The world is not beautiful . . .


. . . but she certainly is.

(Sadly, I can’t say the same for the quality of my pictures. Rush job + old camera + lack of photographic talent = Disaster.)

Today the spotlight falls on Good Smile Company’s 1/8-scale figure of Kino, the title character of the 2003 animated series Kino no Tabi.

Now before I start talking, let’s have a few close-ups of her head and upper body.




My compliments to the artist for turning out such a fine sculpt. Never mind that Figure Kino’s facial resemblance to Anime Kino is tenuous at best. Unlike Max Factory’s Nagato, which is nearly a spitting image of its anime counterpart, this figure strikes me as a creative reinterpretation rather than a work of direct portraiture. Anime Kino’s face is rounder, and on the whole she looks very much like a girl in the later stages of adolescence, whereas Figure Kino has the finely chiselled features and well-developed physical proportions of a young woman. But the resemblance is there: the lightly tousled hair, the sturdy green travelling clothes, the trusty old utility belt and gun holster. And that contemplative, quietly observant expression on her face is spot-on.

Next two images – Close-ups of her utility belt and holster.



Below – A shot of the long, sinuous, translucent cloud of smoke issuing from Kino’s pistol. It’s not an essential element of the composition as a whole, but I do think it’s a nice touch.


Now as experienced collectors will probably tell us, no figure ever comes out absolutely perfect. In Kino’s case, I’m not particularly pleased about the peg that holds the cloud of smoke in place (image below).


It’s a necessary evil (unless one is prepared to ditch the smoke entirely): that cloud is made not of rigid plastic but of a flexible, slightly rubbery material with the look and feel of congealed Elmer’s Glue-All. One end goes into the barrel of the pistol and the middle section has a small peg that fits into a hole at the back of Kino’s left leg, but neither provides enough support to keep the rather weighty cloud in place. Needless to say, the figure would look better without the peg – which, predictably enough, doesn’t appear in any of the promotional images on Good Smile’s official site – but I’m prepared to put up with this minor annoyance if it means keeping the smoke.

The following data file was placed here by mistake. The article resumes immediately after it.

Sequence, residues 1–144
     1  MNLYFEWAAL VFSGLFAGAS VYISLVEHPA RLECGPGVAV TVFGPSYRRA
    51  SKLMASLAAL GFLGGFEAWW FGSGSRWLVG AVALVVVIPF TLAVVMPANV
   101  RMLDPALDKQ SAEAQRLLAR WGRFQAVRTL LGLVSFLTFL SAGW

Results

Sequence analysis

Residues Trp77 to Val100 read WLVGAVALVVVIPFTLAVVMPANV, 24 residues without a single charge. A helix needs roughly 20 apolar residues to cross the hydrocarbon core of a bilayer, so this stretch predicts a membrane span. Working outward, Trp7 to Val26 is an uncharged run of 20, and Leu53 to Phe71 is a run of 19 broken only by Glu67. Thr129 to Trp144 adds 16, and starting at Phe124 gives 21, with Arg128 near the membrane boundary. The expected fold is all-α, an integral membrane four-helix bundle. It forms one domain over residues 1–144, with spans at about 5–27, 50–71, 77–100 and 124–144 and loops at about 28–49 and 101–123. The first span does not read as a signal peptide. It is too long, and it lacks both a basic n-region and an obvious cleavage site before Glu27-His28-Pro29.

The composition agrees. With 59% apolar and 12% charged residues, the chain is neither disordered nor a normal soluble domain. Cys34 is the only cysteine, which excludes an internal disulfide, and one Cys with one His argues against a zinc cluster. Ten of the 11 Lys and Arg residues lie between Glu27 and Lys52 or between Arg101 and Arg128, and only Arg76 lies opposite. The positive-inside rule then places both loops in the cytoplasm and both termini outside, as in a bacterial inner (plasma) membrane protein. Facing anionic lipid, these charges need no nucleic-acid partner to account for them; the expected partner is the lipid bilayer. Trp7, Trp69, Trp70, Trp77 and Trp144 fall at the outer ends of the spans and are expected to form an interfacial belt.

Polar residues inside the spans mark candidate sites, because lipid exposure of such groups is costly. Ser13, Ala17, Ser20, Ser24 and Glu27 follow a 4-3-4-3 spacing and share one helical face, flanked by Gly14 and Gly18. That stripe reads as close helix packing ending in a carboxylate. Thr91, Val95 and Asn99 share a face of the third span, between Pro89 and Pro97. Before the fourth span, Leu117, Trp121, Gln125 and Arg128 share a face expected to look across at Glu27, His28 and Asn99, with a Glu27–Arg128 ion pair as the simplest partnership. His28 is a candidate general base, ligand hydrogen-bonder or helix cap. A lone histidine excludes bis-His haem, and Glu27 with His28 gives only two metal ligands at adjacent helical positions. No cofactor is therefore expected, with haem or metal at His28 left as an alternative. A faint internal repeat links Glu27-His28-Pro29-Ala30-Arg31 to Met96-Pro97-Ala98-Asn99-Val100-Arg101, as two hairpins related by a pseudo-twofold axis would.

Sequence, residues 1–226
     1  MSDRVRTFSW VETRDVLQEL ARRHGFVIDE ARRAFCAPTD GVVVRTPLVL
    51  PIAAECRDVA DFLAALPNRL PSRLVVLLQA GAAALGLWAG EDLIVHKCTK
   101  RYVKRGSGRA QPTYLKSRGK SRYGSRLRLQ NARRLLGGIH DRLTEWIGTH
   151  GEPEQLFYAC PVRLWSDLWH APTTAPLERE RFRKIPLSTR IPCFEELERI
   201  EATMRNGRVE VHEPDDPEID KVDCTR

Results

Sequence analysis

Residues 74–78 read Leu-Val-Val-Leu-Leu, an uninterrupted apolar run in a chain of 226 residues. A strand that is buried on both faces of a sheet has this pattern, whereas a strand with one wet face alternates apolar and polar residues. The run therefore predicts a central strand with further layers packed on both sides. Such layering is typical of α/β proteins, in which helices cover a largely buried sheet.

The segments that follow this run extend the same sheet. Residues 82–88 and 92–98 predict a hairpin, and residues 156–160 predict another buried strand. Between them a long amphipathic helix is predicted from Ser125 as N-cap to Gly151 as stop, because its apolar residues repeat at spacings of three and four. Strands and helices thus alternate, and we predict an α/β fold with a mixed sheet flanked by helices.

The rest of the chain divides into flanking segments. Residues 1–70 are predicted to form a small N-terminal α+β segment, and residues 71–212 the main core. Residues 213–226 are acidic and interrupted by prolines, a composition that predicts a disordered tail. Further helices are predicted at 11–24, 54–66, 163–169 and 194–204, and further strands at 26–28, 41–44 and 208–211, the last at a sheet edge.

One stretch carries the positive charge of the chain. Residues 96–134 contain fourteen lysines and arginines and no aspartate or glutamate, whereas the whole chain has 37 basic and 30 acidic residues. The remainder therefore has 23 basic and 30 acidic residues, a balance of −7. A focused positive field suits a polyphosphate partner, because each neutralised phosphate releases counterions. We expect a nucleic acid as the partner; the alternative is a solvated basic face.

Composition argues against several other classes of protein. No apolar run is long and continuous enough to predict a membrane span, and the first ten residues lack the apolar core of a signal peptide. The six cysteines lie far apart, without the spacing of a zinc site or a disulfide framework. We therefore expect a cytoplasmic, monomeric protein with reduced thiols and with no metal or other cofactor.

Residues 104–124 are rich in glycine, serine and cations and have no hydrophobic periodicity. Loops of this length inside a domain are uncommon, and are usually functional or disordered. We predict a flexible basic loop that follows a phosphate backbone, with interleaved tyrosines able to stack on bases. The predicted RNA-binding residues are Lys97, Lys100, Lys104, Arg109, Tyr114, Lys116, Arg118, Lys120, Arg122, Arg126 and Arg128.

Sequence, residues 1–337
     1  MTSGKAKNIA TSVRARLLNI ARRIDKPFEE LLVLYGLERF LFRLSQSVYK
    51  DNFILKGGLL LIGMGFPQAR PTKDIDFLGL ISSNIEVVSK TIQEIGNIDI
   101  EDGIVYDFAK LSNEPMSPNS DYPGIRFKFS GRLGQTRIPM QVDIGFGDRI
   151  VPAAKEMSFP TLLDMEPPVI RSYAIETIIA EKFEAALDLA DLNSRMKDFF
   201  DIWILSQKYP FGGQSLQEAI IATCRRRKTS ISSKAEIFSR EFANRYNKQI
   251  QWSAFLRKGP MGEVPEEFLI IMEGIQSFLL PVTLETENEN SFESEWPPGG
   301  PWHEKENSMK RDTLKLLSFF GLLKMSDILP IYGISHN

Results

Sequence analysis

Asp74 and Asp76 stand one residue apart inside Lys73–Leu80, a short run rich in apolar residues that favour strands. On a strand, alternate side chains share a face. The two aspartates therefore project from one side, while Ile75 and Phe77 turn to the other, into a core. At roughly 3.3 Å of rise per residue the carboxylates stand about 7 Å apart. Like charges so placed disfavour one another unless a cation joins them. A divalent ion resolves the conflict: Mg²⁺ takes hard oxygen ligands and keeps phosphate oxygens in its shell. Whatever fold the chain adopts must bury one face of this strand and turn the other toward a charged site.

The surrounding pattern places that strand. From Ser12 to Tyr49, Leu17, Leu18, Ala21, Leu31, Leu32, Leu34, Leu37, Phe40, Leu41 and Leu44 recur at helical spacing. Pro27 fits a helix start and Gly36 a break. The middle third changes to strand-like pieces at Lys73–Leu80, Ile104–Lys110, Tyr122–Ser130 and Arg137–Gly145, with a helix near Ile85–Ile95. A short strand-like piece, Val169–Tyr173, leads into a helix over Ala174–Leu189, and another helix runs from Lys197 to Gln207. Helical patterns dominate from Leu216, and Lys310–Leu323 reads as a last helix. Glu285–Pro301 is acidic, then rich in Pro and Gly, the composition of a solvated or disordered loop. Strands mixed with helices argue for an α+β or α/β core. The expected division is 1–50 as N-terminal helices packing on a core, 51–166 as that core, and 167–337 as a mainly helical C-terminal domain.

The next flaw is a little harder to forgive.



That seam should have been better concealed. (Tucked under folds of hair, perhaps, or filled in with plastic and paint.)

But in the end, I’m not prepared to let these trifling slip-ups get in the way of my relishing this important acquisition. I give Good Smile’s Kino a well-deserved HIGHLY RECOMMENDED rating.

4 Responses

  1. I’m actually not a big fan of the smoke effect as it seems more like an afterthought. The sculpt really embellishes on Kino’s femininity too judging from the posterior shot. All in all, she does look pretty nice. Give her a good home next to your Yuki. 🙂

  2. Well, the hair seamlines are pretty much present in almost every figure I’ve gotten, so I’m pretty used to them. I don’t have any space on my desk for them, so I just leave them in the display cabinet lol

  3. Actually she may not look like that on the anime and im glad for that; she looks way too boyish

  4. These responses are long overdue, but here goes:

    @Yamcha = Yuki’s on a different level, I’m afraid. Literally. I have a new bookcase just for DVDs/CDs and figures, and I’ve reserved the uppermost shelf for Suzumiya Haruhi stuff – Yuki included. Kino’s a couple of shelves down. 🙂

    No worries about the smoke – I’ve seen her without it and she still looks pretty good.

    @Zeroblade = You’re right, those seamlines are probably a standard-issue pain for just about any figure. Even Yuki has one – although hers is better concealed (partly because of her slightly more complex hair design).

    @Zaram = Agreed. A faithful portrait of Anime Kino wouldn’t have been as shelf-worthy as this more feminised reinterpretation.

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